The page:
June 15 (UPI) — Billy Bob Thornton, an actor who has portrayed his share of quirky villains, told UPI he is happy to spend a few years playing the troubled, but fundamentally decent attorney at the heart of Amazon’s Goliath.
“If you asked me five years ago, I’d have said, ‘No way in hell.’ Now it sounds amazing to me,” the 62-year-old Arkansas native said in a phone interview.
“I’ve never had a situation this perfect in terms of my career because I have a family and we will shoot in town and I’m on it for half a year. That allows me to do a movie, make a record, tour and be with my family a lot.”
Should an irresistible film role require him to work outside Los Angeles, the married father of four said he takes his loved ones with him on location, but not when he tours with his band.
“A rock ‘n’ roll bus is no place for the family,” he said.
Created by David E. Kelley, the legal drama follows Thornton’s hard-drinking Billy McBride as he represents a new client against a corrupt, but powerful institution each, eight-episode season. Season 2 begins streaming Friday.
Thornton thinks the show’s spin on the classic David vs. Goliath fable is resonating with viewers.
“You want to see the underdog take down the big guy,” he said. “It’s so relevant right now because it’s all around us.
“The world has kind of gone wacky here,” he laughed.
So, who is this character who made Thornton want to settle down, so to speak?
“He’s a good-hearted guy with good intentions and I think he wants to fight for people and fight until he finds his own life,” Thornton explained. “If I were a lawyer, that’s the guy I’d be.”
“There’s got to be something in him that makes an audience root for him. He wants to be a good guy,” he continued. “He has his demons, but he embraces them. They actually kind of drive him. He doesn’t pretend to be someone else and he does the best with what he’s got.”
Fatherhood doesn’t come easy to the loving, but unreliable Billy McBride, who is haunted by the memory of the client who killed a family after Billy got him acquitted of another crime on a technicality.
“He’s trying to raise a daughter and not really knowing how to be a father, but he knows he needs to be because he doesn’t want to put that kind of pressure on his daughter to be the parent… especially now that her mom is gone,” Thornton said.
“There’s so much about this character that is exactly how I would be if I were in this situation,” Thornton said, adding he feels the character is hopeful and determined to see justice served.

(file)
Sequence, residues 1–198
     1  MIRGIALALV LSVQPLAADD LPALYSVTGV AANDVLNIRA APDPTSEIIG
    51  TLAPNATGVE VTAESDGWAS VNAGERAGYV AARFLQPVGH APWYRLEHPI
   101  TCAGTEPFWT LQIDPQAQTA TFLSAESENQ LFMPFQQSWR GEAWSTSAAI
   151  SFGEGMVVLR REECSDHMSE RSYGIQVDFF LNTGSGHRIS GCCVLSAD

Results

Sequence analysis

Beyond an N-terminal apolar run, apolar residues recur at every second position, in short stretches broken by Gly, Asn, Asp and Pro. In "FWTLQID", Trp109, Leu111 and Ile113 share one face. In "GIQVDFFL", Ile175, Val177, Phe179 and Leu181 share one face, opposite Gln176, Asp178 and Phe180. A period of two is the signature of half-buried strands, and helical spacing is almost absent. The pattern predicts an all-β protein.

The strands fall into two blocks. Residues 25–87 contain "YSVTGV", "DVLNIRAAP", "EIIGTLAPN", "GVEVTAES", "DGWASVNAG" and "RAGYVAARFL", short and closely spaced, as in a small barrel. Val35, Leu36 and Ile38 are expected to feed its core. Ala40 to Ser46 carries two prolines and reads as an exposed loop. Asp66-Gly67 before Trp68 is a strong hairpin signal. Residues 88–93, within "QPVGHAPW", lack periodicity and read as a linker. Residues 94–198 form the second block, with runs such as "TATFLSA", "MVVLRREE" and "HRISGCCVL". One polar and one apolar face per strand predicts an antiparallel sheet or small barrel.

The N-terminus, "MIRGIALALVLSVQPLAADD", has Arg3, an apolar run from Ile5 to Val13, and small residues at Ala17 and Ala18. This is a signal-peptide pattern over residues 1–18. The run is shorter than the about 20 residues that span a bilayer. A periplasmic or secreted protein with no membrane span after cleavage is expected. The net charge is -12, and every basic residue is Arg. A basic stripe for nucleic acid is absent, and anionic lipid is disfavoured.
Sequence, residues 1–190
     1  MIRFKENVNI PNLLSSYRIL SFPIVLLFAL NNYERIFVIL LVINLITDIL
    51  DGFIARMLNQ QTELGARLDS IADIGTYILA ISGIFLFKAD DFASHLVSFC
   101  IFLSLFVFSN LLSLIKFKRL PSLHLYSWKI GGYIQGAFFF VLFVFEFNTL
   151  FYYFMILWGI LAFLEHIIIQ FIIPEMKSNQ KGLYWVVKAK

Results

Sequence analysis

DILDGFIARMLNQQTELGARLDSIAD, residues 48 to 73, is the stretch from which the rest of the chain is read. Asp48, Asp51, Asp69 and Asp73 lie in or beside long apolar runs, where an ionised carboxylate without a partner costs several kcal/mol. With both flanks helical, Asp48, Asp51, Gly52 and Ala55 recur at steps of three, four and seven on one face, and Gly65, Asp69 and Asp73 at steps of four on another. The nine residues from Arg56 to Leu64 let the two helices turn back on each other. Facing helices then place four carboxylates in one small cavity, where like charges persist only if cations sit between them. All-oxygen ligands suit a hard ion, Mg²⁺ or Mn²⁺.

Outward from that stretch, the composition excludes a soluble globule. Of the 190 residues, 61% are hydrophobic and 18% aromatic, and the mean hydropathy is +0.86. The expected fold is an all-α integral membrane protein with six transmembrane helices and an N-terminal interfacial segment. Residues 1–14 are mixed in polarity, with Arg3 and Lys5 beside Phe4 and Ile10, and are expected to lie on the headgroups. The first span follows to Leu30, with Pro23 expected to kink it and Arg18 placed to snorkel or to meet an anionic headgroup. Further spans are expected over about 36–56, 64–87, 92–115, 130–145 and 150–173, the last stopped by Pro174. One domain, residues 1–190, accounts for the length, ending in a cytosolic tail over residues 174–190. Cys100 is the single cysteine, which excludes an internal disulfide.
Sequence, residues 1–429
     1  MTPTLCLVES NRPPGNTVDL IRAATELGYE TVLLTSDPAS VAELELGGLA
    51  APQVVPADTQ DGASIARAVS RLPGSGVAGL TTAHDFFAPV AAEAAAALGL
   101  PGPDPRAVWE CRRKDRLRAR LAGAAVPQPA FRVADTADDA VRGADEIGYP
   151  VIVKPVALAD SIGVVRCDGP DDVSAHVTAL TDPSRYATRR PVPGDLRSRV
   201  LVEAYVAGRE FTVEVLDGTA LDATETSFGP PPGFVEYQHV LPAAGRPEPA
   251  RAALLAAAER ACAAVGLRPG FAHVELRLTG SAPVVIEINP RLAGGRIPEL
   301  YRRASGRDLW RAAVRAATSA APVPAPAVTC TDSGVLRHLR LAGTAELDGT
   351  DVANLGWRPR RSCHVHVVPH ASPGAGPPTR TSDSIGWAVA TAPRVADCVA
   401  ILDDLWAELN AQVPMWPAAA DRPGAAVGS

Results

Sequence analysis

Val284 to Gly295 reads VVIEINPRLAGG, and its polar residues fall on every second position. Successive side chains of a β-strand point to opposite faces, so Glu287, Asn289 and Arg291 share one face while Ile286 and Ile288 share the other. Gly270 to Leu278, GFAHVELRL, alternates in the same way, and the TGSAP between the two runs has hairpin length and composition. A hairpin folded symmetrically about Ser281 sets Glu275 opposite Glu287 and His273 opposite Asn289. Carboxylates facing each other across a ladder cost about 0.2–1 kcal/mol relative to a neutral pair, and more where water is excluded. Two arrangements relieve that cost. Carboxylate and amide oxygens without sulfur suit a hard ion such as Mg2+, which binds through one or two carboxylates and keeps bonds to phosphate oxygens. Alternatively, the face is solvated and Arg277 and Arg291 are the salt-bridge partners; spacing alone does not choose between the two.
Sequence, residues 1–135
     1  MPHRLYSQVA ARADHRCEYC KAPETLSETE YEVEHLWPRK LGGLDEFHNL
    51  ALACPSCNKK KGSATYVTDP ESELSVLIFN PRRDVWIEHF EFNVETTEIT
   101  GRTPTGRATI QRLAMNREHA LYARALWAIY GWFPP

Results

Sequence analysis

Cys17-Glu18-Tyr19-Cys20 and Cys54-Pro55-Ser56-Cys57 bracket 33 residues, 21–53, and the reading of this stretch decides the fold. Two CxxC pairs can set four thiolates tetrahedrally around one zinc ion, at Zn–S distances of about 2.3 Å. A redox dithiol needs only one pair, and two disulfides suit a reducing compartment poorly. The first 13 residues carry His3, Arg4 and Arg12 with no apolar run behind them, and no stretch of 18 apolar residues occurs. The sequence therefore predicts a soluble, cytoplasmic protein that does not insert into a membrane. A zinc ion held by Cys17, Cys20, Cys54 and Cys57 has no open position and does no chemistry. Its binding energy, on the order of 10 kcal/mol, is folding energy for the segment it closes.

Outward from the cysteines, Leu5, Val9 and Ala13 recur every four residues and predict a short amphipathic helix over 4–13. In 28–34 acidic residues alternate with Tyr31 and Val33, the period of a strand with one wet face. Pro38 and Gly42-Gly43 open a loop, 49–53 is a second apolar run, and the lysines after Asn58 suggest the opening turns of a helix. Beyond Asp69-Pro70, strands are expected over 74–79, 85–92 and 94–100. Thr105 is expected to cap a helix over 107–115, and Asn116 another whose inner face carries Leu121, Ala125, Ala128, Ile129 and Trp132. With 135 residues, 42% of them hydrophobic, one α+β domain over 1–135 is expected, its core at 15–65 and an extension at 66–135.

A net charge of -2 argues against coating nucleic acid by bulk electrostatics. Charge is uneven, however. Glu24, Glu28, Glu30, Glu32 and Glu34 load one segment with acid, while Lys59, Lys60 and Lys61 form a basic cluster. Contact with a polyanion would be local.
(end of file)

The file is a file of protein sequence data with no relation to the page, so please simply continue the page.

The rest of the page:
Having eight hours a season to unwind a single story is also appealing to Thornton, who likened the show to the Sam Spade detective potboilers of the 1930s.
“It’s like a franchise movie thing or a book series,” he said. “Or, if you’re like me and you read the Hardy Boys when you were a kid. Actually, I even read Nancy Drew as a boy.”
Thornton said growing up surrounded by women in real life meant that he appreciated his Season 1 co-stars Nina Arianda, Tania Raymonde and Julie Brister who played Patty, Brittany and Marva — bright, resourceful oddballs who helped him prepare for a big trial.
“When you were babied by as many women as I was as a kid, you’re always going to want to have them around as your support group. My mom and my aunts and all my cousins were the people who supported me in the family. I didn’t get that from the male side,” he said. “I’m very comfortable with my team (on the show) being mainly women.”
Although Billy has a big win at the end of Season 1 and thwarts the high-profile law firm he helped establish in another life, he doesn’t celebrate by replacing his old beater of a car or moving out of the long-term motel he has been living in since his divorce.
“Sometimes a person can’t fight in comfort. He’s just a creature of habit. He doesn’t drink at Chez Jay because he can’t afford the Four Seasons. He’d rather drink at Chez Jay because that’s who he is. I’d rather drink at Chez Jay, rather than a 5-star restaurant,” he said.
Too pretentious? UPI wanted to know.
“Little bit,” he replied.
Thornton’s other credits include the films Sling Blade, Bad Santa, Monster’s Ball, Armageddon, Primary Colors, Pushing Tin and Love Actually, as well as the TV adaptation of Fargo.